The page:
Off their records, drivers Dick Boswell of Cheverly and Joe Michals Jr. of Baltimore should have skipped the $90,000 Permatex 300-miler at Daytona Speedway Feb. 19. Both are typical weekend racers in the late-model sportsmen sedan division - short on funds, long on desire and courage, enjoying modest success.
Last season, Boswell wrecked his own racer twice and managed to rebuild it with considerable help from friends. He was making his first visit to the high-banked, 2.5-mile Daytona track to drive a borrowed Ford sponsored by a Richmond bumper shop.
"This car has never made the show before," said Boswell. "It's not running fast enough for me to be bothered by the track." With that, he qualified 26th out of 40 starters at 169.6 miles per hour, more than twice as fast as he has ever raced at a local track.
Driving steadily and staying out of trouble, he finished 13th in the race, which may be his last of the season.
"Racing is just too expensive for me now," he said. "I can get a car built for me, but I need help to run it. I've been racing five years, but this may be it."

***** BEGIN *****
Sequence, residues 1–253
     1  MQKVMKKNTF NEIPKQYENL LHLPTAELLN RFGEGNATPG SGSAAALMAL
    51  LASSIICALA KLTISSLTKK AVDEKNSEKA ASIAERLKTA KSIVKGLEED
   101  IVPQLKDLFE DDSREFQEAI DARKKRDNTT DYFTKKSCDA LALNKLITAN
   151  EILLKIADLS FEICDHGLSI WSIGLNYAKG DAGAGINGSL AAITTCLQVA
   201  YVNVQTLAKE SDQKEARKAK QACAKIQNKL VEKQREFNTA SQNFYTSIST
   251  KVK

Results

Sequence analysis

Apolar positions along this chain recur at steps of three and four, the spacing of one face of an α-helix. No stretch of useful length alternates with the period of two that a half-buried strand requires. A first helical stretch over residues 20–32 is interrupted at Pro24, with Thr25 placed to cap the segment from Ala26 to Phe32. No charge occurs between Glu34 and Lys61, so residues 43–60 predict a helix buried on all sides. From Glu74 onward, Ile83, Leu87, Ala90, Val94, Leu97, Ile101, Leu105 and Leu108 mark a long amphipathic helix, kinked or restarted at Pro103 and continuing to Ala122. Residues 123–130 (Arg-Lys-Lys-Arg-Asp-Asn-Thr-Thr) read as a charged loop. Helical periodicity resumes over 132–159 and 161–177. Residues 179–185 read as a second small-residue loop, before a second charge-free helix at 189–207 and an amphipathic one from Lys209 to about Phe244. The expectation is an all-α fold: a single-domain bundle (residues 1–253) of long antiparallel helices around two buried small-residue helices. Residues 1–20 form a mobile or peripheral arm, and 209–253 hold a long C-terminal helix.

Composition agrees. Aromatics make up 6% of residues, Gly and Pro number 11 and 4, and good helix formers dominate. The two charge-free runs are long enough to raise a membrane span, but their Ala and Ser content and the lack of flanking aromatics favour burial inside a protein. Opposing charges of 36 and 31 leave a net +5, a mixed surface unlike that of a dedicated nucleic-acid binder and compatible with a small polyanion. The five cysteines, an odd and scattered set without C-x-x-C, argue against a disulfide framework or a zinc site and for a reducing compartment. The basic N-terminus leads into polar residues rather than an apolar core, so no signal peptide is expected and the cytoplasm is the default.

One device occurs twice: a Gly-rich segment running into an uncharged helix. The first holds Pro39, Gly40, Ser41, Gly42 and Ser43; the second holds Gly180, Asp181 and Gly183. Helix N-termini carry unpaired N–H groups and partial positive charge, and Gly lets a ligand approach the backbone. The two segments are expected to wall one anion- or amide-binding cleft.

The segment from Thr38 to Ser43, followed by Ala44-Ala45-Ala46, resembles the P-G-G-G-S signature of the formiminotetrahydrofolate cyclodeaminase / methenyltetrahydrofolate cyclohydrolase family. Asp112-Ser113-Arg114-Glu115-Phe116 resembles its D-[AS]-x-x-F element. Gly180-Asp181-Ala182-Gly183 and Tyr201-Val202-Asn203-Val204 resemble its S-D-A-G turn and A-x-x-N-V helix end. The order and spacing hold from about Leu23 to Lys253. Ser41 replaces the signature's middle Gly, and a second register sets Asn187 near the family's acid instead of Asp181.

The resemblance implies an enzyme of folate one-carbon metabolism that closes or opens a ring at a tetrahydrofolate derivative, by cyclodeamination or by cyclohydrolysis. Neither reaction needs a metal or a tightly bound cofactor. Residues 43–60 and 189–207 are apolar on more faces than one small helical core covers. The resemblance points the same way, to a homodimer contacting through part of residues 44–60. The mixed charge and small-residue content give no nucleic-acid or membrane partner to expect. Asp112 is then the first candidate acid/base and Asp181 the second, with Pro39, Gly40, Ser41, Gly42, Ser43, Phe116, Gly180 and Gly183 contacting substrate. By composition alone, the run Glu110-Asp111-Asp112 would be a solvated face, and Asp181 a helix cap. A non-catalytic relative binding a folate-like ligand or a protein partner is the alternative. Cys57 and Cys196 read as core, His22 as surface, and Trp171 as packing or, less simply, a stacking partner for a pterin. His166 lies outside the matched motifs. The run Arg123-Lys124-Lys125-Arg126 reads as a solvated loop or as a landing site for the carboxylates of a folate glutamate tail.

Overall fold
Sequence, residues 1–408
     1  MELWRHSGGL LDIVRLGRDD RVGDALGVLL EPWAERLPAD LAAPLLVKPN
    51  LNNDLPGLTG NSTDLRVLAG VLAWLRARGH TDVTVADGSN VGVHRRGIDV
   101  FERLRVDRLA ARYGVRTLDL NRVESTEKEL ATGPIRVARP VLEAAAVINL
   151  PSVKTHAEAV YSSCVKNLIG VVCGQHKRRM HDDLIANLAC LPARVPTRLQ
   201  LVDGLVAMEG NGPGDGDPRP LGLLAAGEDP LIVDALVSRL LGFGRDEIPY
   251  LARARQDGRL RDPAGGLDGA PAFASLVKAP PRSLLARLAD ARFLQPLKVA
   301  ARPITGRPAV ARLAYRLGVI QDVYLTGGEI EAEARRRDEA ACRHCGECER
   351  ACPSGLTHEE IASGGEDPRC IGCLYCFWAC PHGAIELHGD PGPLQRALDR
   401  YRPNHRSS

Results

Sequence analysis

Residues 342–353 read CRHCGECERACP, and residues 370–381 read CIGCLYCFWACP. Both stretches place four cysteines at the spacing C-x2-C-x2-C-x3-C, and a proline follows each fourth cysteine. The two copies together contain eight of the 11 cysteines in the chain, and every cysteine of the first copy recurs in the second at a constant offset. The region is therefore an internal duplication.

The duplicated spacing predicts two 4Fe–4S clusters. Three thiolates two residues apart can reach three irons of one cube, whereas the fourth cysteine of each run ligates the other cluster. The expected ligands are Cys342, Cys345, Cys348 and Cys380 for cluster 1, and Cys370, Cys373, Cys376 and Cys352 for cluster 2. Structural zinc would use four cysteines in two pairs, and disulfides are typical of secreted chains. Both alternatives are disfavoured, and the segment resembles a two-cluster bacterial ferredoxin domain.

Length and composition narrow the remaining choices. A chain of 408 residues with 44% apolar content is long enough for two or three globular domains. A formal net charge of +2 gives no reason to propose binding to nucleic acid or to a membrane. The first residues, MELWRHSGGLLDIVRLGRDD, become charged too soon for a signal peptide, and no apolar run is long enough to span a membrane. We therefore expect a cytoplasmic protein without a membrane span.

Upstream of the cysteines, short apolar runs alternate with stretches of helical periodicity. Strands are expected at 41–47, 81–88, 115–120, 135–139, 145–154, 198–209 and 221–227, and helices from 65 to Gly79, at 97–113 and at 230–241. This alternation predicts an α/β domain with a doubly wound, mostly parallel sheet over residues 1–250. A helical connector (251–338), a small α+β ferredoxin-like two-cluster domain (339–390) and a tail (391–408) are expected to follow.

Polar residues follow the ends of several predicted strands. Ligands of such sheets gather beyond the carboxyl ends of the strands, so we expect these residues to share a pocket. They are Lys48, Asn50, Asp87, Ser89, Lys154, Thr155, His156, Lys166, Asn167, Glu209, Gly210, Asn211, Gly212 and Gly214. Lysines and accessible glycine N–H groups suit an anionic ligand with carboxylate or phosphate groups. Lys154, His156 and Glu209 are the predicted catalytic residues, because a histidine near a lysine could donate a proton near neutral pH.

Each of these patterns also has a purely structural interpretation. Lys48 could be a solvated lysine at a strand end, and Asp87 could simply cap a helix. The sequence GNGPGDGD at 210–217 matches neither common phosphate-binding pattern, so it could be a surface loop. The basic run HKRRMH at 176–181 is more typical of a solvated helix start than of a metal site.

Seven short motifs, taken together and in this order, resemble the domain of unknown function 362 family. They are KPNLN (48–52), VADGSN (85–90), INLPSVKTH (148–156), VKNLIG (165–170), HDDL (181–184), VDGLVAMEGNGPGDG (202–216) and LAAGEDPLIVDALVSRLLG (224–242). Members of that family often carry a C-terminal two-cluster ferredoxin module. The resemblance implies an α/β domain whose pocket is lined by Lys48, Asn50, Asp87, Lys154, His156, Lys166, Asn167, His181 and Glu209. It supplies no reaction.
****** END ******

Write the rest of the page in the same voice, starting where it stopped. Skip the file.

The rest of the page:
Michals had a similar but lesser problem - "I just can't afford to race every week any more."
Michals hardly raced at all last season while building his own Chevrolet for super-speedway races. They are longer than weekly features, but pay much better.
Running on old tires at Daytona, he qualified 15th and finished 20th. He went out with oil pressure problems but earned $1,350. "It took me $3,000 to get here," he said, but in motor-racing economics, he almost broke even.
Jack Bland, the most promising local driver, failed to finish the race for the third year. The Riverdate entry lasted only 72.5 miles before stopping with engine trouble.